How to Tell the Age of a Palm Tree

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Tip

Some trees are carbon-dated to determine their ages. This dating method works well for trees that live in climates without great weather fluctuations. If the carbon in the middle of the tree remains in the same area from early growth to maturity, then this dating method can be valid. However, as Conifers.org points out, trees such as palms "do not have a single definable area of their trunk that dates to the tree's early years."

Ask a park ranger about a palm tree in a national park to learn its history.

The general rule for telling the age of a tree is to count the rings on its trunk. However, this rule doesn't work for the palm tree. Indeed, the lack of easily identifiable markings on its trunk makes the palm a challenging tree to date. The best way to determine a palm tree's age is to investigate its history. The life spans of palms are dependent on the type of palm. For example, green thatch palm's life span is about 150 years while an oil palm's life span is only about 25.

Step 1

Research the history of the palm tree you want to date. This is easier if the palm tree is on a protected site, such as a national park. A park ranger or a horticulturalist on site may be able to help you identify how old the palm tree is.

Step 2

Look up the species of the tree using resources at the library to get a general sense of the lifespan of the palm tree.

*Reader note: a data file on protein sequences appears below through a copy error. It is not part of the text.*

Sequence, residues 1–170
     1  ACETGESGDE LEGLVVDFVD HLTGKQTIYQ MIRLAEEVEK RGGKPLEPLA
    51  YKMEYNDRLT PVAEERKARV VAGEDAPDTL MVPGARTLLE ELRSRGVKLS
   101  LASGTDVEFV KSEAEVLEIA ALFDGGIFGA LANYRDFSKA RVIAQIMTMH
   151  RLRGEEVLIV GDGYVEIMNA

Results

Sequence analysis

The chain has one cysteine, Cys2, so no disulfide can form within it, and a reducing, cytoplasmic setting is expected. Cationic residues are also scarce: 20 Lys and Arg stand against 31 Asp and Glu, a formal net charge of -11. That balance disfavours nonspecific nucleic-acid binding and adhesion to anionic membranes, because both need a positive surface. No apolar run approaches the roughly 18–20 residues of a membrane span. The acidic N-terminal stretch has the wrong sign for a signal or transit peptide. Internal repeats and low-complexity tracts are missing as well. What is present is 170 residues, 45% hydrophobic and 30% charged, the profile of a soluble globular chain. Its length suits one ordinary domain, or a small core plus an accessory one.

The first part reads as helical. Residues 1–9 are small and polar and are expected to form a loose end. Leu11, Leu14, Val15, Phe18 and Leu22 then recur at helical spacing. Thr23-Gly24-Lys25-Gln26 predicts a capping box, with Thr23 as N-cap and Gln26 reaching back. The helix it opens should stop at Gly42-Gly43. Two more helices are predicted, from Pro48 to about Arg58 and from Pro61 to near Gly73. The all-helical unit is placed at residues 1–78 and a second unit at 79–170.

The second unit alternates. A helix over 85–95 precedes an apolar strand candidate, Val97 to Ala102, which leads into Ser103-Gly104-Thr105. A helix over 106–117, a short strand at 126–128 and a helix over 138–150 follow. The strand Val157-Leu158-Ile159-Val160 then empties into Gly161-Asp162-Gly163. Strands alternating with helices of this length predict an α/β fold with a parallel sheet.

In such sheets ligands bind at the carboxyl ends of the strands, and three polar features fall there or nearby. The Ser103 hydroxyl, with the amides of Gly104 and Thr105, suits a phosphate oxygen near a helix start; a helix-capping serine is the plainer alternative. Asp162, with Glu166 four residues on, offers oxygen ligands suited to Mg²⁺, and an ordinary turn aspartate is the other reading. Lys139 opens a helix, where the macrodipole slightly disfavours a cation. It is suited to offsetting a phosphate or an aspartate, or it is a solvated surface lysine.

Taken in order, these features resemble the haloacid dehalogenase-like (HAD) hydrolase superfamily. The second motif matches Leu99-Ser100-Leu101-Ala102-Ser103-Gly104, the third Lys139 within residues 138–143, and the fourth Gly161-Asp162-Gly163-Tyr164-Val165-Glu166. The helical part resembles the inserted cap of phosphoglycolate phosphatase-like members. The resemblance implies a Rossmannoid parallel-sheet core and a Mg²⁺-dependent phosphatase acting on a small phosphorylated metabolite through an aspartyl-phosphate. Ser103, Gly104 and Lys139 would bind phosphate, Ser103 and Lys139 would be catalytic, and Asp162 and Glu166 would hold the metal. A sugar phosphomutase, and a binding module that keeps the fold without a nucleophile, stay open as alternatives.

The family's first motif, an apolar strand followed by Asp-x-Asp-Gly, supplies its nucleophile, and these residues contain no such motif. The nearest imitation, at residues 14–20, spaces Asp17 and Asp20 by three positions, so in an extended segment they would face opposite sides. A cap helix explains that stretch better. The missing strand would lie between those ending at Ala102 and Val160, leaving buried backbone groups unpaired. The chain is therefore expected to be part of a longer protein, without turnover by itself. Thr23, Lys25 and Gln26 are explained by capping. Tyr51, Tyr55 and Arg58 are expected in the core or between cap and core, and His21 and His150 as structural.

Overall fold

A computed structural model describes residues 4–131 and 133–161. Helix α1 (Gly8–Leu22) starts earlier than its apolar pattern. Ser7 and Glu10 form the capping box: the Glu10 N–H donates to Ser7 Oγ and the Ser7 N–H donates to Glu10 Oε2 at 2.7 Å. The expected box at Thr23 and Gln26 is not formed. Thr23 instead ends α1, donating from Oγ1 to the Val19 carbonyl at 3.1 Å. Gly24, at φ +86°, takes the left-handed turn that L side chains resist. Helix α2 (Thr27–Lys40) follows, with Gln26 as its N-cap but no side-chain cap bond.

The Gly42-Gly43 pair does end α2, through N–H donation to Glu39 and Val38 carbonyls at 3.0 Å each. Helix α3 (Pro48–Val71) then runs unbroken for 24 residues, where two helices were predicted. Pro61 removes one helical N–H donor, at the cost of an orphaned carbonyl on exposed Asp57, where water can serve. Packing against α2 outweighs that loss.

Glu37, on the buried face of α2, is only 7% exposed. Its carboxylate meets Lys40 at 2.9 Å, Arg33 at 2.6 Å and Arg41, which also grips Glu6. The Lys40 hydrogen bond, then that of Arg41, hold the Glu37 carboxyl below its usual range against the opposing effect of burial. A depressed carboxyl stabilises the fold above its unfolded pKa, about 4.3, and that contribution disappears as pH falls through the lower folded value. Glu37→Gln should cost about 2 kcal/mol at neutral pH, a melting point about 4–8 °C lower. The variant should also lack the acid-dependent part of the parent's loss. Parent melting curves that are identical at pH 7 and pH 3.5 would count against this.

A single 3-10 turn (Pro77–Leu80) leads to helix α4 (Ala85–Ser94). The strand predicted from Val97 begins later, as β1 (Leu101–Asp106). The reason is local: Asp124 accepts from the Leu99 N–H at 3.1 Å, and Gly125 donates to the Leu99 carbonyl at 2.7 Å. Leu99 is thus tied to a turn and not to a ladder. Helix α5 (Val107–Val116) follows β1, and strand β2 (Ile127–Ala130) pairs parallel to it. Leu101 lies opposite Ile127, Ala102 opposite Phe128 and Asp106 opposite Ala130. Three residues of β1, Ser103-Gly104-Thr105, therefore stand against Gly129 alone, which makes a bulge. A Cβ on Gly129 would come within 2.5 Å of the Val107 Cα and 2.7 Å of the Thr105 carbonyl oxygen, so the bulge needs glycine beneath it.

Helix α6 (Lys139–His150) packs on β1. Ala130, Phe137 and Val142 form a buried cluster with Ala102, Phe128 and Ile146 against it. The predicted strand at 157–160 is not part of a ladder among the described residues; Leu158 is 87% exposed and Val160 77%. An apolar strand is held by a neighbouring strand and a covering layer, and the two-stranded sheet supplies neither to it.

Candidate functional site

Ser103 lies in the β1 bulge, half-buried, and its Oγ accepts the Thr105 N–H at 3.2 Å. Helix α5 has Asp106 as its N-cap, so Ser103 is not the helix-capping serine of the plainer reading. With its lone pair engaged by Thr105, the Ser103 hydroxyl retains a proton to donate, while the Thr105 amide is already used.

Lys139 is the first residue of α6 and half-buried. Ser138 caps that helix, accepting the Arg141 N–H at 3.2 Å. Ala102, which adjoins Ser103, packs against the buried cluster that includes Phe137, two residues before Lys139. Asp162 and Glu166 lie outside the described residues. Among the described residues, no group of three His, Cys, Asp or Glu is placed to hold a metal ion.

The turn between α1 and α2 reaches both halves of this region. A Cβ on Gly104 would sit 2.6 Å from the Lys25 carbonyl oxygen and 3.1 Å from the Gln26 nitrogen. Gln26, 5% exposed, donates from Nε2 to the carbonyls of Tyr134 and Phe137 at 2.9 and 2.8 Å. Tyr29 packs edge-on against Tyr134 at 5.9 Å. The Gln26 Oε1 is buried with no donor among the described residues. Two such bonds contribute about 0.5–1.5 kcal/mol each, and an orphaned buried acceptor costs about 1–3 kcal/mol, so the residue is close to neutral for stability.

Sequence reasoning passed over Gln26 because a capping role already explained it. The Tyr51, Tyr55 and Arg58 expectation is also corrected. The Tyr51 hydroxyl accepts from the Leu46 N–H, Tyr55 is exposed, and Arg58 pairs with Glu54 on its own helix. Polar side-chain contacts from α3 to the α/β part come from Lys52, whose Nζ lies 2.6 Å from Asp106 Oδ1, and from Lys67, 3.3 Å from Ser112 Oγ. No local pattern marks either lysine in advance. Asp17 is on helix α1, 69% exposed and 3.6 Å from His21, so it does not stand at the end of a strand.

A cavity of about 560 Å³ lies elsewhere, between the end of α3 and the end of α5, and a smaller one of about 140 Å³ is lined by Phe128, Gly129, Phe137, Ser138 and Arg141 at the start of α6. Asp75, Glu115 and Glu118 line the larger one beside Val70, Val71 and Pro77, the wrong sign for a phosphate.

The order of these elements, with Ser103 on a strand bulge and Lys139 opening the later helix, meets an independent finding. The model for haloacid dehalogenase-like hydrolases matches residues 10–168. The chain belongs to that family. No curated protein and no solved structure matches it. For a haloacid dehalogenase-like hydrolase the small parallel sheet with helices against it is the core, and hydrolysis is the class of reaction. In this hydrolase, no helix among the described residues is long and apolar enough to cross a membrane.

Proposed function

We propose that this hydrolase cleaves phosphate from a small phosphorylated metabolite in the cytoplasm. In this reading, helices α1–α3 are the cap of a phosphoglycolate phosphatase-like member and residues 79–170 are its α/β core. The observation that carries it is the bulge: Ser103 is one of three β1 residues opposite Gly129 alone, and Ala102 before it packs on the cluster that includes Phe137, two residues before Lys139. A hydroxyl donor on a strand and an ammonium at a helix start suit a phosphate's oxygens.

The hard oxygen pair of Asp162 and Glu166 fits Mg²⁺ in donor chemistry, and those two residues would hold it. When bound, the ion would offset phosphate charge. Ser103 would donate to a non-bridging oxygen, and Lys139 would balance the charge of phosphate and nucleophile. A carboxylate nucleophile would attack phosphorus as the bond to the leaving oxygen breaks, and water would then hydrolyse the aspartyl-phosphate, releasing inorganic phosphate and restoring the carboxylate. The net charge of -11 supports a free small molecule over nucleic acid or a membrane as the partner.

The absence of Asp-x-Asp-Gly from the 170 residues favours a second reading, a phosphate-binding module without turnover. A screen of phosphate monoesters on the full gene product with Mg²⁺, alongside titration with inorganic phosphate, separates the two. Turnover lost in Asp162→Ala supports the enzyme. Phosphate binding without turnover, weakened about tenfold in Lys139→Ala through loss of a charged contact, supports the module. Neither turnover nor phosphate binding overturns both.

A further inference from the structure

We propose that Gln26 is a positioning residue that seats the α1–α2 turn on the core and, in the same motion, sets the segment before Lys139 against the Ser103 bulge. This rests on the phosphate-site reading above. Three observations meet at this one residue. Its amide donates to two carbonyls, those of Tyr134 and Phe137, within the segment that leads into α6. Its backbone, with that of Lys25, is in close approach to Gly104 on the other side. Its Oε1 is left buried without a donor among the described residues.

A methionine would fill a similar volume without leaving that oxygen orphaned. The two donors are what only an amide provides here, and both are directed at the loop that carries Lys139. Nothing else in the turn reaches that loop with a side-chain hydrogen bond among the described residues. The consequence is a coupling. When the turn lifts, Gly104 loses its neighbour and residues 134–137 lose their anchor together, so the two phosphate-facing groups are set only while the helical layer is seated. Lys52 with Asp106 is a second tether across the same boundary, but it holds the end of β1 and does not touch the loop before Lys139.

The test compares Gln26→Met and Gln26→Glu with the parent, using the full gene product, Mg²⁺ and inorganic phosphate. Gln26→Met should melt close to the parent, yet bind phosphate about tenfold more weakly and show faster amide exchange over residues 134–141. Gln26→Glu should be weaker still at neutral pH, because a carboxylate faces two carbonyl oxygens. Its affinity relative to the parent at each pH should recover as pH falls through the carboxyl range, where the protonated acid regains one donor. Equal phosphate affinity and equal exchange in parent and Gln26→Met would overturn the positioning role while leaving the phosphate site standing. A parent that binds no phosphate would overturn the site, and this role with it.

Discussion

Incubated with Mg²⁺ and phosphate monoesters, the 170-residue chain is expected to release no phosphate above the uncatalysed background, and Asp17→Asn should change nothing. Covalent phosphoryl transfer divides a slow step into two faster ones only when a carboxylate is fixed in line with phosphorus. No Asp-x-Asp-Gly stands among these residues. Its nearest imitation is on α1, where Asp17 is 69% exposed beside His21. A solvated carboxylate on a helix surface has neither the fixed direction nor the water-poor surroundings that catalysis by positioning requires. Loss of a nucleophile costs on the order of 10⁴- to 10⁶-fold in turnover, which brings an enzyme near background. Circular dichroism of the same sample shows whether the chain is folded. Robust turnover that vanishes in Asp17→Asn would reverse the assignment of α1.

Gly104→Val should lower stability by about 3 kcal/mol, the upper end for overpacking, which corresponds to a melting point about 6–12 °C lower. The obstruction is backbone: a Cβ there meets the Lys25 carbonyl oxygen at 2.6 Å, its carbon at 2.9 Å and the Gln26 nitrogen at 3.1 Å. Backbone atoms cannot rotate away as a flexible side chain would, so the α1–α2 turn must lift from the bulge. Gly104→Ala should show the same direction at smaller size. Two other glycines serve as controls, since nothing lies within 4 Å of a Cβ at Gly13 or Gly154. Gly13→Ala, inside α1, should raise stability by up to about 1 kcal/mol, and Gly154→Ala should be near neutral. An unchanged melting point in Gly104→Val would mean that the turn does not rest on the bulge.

Step 3

Determine if the tree has gone through a radiocarbon dating process. A national park service representative might be able to tell you if this information is available. Radiocarbon dating is a scientific process that measures the tree's growth rate by analyzing it with chemicals. This is a contested method--and one that's used sometimes for dating palm trees--because it takes the tree's growth rate over a certain time span and infers this rate for the lifespan of the plant. This method, however, doesn't take into account factors that can inhibit growth at any given time, such as climate or disease.

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Vera Leigh

Vera Leigh has worked as a professional freelance writer since 2008. Her work has appeared in "Learn Overseas" and "Grad Source" magazines. In addition, she received an honorable mention in "Newsweek's" My Turn contest. She has written features for nonprofits focused on literacy, education, genomics and health. In her spare time, Leigh puts her English major to use by tutoring in grammar and composition.